Pets feeling the heat as temperatures rise
The RSPCA has received more than 1,800 calls about animals and heat exposure in July.
Dog owners are being urged to avoid exercising their pets during the hottest parts of the day as the UK is gripped by sweltering weather.
Pets can burn their paws on scorching pavements and are also at an increased risk of heatstroke, the RSPCA said.
The charity warned that many animals do not realise when they are becoming too hot and called on owners to take steps to keep their pets cool.
🐕 ☀️🚗 Last year, we received 7,199 calls about dogs suffering from heat exposure. It doesn't matter if the windows are open or you won't be long: #DogsDieInHotCars. Always call the police on 999 if you see a dog in distress in a hot car. https://t.co/UvI0FmlVrB pic.twitter.com/f9JUtCA8Vd— RSPCA (England & Wales) (@RSPCA_official) July 23, 2018
More than 1,800 calls regarding animals and heat exposure were handled by the RSPCA between July 1 and July 22.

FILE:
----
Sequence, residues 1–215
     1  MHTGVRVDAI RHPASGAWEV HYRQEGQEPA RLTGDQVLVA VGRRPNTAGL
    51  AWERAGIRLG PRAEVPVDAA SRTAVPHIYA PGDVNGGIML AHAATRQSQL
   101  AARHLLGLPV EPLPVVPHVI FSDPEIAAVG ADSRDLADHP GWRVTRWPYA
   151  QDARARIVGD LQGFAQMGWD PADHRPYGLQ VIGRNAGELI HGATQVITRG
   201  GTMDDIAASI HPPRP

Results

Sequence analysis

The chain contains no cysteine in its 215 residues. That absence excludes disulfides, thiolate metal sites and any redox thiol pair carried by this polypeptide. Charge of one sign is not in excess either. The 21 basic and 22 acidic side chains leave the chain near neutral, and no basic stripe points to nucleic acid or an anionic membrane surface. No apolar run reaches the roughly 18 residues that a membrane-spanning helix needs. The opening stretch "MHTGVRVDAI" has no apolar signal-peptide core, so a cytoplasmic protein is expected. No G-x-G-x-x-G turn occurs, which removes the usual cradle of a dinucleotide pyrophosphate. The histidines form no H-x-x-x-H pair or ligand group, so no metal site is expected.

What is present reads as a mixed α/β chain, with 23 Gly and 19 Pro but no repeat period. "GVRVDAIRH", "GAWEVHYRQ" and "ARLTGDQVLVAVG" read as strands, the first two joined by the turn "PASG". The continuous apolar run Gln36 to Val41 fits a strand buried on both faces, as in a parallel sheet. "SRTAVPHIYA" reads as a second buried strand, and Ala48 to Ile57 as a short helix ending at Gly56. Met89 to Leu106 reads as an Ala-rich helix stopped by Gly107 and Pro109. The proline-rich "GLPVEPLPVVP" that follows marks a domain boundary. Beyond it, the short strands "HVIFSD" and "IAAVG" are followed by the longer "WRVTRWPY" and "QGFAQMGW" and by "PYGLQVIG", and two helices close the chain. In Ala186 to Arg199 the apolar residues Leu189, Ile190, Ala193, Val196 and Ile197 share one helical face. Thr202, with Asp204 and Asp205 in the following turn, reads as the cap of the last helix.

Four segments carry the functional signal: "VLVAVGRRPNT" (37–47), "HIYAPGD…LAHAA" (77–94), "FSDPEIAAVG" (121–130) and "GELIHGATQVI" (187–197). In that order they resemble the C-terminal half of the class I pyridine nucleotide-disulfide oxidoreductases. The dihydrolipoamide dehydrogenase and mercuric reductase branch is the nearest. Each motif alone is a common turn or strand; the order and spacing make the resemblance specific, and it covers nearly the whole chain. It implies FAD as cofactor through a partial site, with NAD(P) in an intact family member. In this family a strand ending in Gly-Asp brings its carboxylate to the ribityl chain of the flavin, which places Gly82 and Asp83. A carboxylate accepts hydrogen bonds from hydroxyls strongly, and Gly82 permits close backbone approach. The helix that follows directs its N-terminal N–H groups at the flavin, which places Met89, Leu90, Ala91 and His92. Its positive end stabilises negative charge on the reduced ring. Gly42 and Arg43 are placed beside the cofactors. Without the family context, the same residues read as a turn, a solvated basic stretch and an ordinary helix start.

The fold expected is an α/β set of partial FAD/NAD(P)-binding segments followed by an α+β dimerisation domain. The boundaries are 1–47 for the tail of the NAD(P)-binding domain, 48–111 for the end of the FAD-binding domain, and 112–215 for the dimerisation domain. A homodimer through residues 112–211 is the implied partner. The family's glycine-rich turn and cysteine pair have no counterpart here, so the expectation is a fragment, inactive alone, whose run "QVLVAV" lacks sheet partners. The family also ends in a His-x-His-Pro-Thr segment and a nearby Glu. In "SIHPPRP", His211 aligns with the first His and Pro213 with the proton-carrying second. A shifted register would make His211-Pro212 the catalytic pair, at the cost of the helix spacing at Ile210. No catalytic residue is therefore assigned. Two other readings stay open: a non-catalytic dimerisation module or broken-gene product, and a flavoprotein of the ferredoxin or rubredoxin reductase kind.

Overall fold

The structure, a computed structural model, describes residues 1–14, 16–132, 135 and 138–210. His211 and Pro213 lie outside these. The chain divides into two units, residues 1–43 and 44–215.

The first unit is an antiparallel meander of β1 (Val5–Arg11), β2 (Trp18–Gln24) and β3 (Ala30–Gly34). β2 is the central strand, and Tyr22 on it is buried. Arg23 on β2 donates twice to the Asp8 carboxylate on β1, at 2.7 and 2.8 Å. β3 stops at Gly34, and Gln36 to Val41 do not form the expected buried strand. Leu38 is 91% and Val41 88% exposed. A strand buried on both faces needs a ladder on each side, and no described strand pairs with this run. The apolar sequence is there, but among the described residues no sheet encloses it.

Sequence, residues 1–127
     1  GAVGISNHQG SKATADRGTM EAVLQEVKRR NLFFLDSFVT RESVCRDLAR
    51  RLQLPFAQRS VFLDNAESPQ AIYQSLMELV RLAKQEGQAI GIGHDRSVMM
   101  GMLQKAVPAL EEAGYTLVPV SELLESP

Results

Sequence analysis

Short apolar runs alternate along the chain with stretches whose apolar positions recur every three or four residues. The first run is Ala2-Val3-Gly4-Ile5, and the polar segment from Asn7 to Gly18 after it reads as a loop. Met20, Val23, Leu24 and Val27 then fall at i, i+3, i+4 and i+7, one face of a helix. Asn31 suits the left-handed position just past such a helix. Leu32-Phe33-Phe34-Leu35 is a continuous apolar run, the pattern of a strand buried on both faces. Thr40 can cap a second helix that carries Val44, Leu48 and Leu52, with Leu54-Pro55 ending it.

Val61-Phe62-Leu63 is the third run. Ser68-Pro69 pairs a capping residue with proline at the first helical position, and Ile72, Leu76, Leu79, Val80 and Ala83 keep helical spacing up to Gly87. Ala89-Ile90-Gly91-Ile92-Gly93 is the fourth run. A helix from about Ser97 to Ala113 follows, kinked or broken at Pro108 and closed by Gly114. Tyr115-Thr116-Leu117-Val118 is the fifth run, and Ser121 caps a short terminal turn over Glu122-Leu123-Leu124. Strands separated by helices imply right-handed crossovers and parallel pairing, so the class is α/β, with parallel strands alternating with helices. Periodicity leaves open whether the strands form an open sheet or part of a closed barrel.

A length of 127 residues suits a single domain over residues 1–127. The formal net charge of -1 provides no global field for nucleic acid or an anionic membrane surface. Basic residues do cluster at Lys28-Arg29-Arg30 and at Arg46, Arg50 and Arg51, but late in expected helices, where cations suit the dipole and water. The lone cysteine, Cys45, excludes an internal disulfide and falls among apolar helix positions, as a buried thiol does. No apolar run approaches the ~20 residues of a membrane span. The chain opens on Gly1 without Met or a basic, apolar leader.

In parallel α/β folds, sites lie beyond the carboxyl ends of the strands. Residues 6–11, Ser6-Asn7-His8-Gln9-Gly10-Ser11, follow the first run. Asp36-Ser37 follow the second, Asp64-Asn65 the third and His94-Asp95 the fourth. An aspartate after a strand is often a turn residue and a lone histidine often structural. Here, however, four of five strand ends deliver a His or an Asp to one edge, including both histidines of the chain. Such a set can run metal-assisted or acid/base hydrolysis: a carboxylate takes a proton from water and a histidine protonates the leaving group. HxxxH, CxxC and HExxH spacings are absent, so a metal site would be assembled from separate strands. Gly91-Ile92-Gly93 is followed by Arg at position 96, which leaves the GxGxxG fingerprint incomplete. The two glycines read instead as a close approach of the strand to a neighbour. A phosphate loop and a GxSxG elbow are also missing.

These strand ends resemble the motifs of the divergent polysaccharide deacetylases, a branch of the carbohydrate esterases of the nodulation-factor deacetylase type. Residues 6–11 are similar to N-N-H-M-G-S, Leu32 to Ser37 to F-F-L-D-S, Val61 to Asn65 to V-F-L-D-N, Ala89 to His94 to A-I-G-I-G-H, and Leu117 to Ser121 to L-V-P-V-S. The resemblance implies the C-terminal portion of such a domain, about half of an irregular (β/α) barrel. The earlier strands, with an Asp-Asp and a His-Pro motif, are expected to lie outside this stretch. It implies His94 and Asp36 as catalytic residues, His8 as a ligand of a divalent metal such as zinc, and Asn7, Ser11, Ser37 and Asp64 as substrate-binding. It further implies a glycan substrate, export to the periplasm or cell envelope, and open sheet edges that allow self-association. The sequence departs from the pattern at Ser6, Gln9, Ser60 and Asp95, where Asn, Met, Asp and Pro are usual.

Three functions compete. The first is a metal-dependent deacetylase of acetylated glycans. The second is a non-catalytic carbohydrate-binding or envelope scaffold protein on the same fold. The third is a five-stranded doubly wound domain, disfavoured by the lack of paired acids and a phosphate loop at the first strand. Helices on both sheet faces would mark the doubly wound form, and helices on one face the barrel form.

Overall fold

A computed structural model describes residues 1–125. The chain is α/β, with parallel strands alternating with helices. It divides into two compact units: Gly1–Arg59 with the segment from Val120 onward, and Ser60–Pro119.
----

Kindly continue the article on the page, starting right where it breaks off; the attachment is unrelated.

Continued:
Operational superintendent Lee Hopgood said: “There is a very serious side to keeping pets cool over summer as animals can suffer from heatstroke which could be fatal, especially if left in a hot car, conservatory or caravan.
“Pets may struggle to realise when they are too hot so make sure they have constant access to shade and don’t over exercise them in the heat.
“Remember if the pavement is too hot for your hand then it will be too hot for their paws.”
Signs of burned paw pads include limping or refusing to walk, licking or chewing at the feet, parts of the pad missing or blisters and redness.
The RSPCA advice during the hot weather also includes:
– Never leave pets unattended in hot environments.
– Freeze water bowls before filling them to keep the liquid cool.
– Give pets damp towels to lie on, or let dogs lie in a paddling pool.
– Use pet-safe sun cream to protect animal skin.
– Ensure animals always have access to shade and drinking water.
– Only transport pets and farm animals when absolutely necessary
– Keep fish tanks out of direct sunlight and top up water in ponds.